Samsung's latest Galaxy S III ad starts off all cutesy: a family guy heading off on a work trip, saying goodbye to his young family. His kids have even made him a cute video to watch on the plane, and his wife has... hey now, his wife has been rather more adventurous.
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Samsung's Galaxy S III is one of the best phones you can buy. It's fast, it's beautiful, it's got guts most handsets can only dream of. That's why it's so disappointing that Samsung's Galaxy S III Mini, officially announced today, isn't just the same phone in a smaller body. It's a lesser phone in every way.
We got really excited yesterday when we heard there would be a miniaturized Galaxy S III coming. Our excitement didn't last long when a second rumour hinted that the specs wouldn't be anywhere close to the original S III. We held out some hope that the second rumour might be wrong. Sadly, it wasn't.
When Samsung confirmed that its 4-inch Galaxy S III mini was real, it promised that it wouldn't just be another little budget phone. But if MobileGeeks' information about the handset is correct, we may be in for a letdown tomorrow.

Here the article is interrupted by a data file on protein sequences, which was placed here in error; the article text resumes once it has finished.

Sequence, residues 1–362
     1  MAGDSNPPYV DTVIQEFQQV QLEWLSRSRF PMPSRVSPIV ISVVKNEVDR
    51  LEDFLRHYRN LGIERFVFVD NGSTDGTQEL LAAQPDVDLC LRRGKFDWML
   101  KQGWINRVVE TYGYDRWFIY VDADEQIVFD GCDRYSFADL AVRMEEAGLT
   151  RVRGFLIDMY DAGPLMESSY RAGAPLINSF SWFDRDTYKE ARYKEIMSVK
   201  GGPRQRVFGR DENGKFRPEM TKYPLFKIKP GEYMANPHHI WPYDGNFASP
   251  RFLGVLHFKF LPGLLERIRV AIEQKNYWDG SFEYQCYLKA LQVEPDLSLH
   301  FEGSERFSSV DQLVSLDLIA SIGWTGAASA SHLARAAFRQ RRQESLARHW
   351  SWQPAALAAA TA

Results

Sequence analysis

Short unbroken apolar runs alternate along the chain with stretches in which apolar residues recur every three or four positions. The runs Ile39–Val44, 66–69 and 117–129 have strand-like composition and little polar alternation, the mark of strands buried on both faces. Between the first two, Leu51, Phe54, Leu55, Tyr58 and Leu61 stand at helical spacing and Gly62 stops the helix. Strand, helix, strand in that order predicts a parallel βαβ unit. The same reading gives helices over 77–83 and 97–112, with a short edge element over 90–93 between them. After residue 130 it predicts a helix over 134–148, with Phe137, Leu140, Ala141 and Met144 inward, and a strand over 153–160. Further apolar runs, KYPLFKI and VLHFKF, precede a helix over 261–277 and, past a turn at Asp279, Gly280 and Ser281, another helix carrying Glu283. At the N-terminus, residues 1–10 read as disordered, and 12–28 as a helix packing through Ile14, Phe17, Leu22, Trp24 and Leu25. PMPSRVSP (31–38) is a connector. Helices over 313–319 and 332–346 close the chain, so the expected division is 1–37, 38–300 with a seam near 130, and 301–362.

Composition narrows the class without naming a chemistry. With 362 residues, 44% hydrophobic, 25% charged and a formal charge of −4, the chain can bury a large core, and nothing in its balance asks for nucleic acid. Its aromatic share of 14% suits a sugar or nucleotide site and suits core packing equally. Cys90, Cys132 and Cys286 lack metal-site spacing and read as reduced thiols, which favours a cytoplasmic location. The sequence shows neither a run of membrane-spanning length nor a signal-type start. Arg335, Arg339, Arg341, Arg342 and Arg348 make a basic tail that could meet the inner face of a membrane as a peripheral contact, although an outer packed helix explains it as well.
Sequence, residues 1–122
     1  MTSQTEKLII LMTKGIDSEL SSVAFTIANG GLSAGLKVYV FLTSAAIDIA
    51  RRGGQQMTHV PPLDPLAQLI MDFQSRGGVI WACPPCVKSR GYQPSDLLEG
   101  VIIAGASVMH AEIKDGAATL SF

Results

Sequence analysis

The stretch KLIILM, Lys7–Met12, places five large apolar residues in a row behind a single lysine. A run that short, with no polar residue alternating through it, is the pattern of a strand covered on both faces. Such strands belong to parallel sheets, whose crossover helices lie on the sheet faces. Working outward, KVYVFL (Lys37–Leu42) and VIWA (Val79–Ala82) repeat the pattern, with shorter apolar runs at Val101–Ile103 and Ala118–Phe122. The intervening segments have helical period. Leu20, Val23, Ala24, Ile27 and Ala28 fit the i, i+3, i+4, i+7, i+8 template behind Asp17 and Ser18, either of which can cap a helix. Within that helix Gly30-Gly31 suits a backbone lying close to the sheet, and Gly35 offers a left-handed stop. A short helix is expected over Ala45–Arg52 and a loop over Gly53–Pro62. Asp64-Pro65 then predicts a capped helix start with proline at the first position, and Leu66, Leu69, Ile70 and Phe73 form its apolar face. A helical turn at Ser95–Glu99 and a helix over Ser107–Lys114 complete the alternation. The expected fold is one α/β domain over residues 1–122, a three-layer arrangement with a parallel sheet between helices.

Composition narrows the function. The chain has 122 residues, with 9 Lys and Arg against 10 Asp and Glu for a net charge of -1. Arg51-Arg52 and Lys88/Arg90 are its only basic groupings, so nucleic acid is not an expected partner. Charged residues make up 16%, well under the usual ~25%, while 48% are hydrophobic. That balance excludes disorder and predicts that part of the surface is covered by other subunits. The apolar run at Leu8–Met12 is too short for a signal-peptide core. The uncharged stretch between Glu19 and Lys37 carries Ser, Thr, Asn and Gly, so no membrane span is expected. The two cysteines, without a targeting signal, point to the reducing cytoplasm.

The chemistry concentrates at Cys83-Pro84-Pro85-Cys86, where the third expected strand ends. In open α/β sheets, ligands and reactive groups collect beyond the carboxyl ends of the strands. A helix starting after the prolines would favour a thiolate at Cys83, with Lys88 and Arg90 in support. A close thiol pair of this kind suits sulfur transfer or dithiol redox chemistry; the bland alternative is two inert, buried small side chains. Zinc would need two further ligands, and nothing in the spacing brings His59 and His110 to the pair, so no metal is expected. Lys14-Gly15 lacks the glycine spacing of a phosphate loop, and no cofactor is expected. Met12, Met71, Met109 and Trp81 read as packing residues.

The Galaxy S III has a beautifully large 4.8-inch (720 x 1280) display, crisp 8-megapixel camera, quad-core processor and long-lasting 2100mA h battery. And the speedy new 4G-equipped Galaxy S III model hits Australia on October 9th, complete with Android 4.1 Jellybean. Yet Samsung's best smartphone also gets the little things right, like nudging you when you’ve missed something. Let's take a closer look.
If you have a Samsung mobile phone running Android with the TouchWiz UI, there's a newly discovered vulnerability that could result in an accidental factory data reset by simply accessing a link from your phone. This includes some Galaxy S II and Galaxy S III devices. UPDATE: Other Android devices not using TouchWiz are also affected.
The iPhone 5 has been the most anticipated mobile device of 2012 together with its cousin the iPad Mini, which we expect to be seeing shortly. Apple has made displays its most prominent marketing feature, because it determines the quality of the visual experience for everything on a smartphone or tablet — including apps, web content, photos, videos and its camera. The retina displays on the iPhone 4 and the new iPad were significant advancements — not just in sharpness but in picture quality and colour accuracy, which is what provides the display's real wow factor.